The narrator learns more about Rebecca in the coming weeks. The servants ask the narrator if she’ll be hosting many guests, and when the narrator replies that she’s unsure, they often note that Rebecca was “so very popular.” The narrator also becomes conscious that there’s now tension between herself and Maxim due to her outburst about the cottage. He’s always polite with her, but there’s a distance between them now.
The “wall” between Maxim and the narrator is getting wider due to their argument about Rebecca. Paradoxically, the narrator is becoming more comfortable with her life at Manderley at the same time, even if she still resents the servants for being loyal to Rebecca.
One day, the narrator pays a visit to the wife of the local bishop. She says that she’s here to pay her respects and greet her new neighbors. Together, she and the bishop’s wife talk about hosting parties in the near future. The bishop’s wife remembers the wonderful parties organized by Rebecca, and the narrator blurts out, “Rebecca must have been a wonderful person.” When the narrator says this, she feels instantly relieved. She’s been thinking about Rebecca for so long that saying her name out-loud is a massive relief.
In this section, we learn about Rebecca’s power over her community: due to the parties she hosted every year, Rebecca was popular and well liked by everyone—not just those at Manderley. In other words, Rebecca’s influence is even greater than we’d thought. The fact that it’s a relief simply to talk about Rebecca suggests that the narrator’s anxiety stems from her attempts to ignore or forget Rebecca, rather than discuss her with Maxim head-on.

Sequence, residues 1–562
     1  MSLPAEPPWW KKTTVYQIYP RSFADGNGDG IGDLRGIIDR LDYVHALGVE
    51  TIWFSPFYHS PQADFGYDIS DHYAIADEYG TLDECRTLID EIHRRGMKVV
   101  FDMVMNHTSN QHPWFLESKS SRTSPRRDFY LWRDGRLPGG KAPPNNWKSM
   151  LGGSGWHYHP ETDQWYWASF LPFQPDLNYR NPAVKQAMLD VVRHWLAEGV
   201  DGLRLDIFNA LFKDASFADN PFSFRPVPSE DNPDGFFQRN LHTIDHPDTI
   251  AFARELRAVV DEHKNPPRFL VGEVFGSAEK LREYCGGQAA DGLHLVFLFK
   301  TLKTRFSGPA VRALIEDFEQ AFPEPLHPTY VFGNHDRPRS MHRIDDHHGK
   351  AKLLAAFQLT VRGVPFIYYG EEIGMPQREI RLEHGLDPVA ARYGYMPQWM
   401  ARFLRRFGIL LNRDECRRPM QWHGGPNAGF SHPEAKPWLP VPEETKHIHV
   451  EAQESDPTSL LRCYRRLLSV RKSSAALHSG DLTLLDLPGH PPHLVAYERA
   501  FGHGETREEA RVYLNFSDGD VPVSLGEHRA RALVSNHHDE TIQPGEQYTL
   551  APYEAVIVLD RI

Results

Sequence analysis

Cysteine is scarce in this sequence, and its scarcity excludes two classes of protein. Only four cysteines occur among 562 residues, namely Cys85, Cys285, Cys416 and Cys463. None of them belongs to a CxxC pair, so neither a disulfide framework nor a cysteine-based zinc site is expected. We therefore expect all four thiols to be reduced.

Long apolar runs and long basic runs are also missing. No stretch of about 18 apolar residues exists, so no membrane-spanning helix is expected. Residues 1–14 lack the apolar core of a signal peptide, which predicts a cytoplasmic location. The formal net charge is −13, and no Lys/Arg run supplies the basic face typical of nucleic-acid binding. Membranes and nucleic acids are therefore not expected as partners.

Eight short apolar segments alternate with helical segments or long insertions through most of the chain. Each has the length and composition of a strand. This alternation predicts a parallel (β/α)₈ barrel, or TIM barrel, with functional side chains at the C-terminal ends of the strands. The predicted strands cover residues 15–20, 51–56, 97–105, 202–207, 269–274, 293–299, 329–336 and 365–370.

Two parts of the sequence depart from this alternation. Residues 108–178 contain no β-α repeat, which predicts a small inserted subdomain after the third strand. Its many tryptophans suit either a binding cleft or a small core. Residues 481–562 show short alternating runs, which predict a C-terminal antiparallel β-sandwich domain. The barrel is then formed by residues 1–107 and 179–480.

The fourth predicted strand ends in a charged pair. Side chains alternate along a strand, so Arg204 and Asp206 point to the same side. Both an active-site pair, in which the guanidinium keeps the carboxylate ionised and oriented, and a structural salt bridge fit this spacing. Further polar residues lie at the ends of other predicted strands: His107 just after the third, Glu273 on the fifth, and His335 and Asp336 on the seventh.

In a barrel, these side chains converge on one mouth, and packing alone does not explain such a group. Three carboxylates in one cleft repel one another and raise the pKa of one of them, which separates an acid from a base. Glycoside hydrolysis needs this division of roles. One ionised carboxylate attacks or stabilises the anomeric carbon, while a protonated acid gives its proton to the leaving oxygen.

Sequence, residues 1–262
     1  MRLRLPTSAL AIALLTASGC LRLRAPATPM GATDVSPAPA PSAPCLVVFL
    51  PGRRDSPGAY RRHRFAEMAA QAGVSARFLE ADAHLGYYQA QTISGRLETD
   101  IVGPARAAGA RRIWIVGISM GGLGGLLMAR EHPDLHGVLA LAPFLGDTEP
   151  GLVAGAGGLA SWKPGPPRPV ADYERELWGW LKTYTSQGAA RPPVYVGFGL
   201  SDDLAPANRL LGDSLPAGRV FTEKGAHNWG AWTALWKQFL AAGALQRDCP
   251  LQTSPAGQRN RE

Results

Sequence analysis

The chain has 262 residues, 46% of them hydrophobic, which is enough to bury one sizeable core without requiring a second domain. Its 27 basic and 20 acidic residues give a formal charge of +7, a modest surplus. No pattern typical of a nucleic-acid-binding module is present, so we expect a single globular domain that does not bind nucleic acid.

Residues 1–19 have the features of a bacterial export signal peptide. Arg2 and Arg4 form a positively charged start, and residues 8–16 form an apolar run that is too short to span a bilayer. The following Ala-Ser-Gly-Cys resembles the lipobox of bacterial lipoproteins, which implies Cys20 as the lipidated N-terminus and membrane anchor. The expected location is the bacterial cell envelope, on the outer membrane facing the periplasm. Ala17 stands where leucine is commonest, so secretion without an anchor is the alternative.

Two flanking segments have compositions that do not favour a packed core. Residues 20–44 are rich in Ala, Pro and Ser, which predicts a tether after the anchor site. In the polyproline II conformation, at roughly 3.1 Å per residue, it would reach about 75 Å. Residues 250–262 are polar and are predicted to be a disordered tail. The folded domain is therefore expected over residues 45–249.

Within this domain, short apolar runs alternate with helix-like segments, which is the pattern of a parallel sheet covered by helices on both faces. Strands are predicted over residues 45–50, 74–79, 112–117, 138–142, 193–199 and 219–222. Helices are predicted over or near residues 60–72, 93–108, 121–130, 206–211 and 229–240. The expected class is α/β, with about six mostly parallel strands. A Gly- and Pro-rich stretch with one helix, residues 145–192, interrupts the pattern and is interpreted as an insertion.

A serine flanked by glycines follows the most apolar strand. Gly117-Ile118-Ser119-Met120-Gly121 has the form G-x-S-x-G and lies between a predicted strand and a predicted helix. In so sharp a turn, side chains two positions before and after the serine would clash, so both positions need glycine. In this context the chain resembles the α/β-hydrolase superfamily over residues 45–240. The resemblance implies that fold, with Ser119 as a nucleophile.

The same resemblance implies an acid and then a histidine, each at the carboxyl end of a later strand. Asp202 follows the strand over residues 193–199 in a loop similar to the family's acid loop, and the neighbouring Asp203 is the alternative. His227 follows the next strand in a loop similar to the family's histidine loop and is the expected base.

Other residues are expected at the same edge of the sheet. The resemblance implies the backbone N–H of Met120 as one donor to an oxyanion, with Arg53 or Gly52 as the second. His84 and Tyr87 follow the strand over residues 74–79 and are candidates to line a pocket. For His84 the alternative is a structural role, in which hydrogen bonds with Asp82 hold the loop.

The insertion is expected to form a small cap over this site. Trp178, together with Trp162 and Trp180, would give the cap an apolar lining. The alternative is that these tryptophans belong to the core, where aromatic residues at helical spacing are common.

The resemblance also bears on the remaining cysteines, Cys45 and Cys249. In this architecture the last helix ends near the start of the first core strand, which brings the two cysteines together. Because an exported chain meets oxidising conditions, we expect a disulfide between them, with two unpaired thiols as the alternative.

The narrator gets up to leave. The bishop’s wife tells the narrator to pass on her respects to Maxim, and to ask him to reorganize a ball that Rebecca used to host at Manderley. For the rest of the day, the narrator finds herself obligated to pay visits to the houses in the area. She quickly becomes exasperated with these visits, however—she finds them cloying and insincere, since most of the people only want to know when the next party at Manderley will be. Sometimes, the guests bring up Rebecca, and sometimes they imply her presence, as if she’s still alive and living in Manderley.
As the narrator gets more comfortable with Manderley, she finds that there’s a “script” she must follow at all times. As part of this script, she has to visit houses in the area and pretend to be polite and gracious to her neighbors. Life at Manderley consists almost entirely of rules for politeness and good manners—rules which, as we’ve seen with Mrs. Danvers, usually just serve to conceal people’s true feelings of contempt or dislike.
At the end of the day, the narrator drives back to Manderley and finds Frank Crawley waiting there. He greets the narrator, and the narrator thinks that she finds him very formal. The narrator asks Frank about the Manderley ball, and he explains that this ball was an annual affair, attended by hundreds of people from London and the country. The narrator confesses that she wouldn’t be good at planning a ball.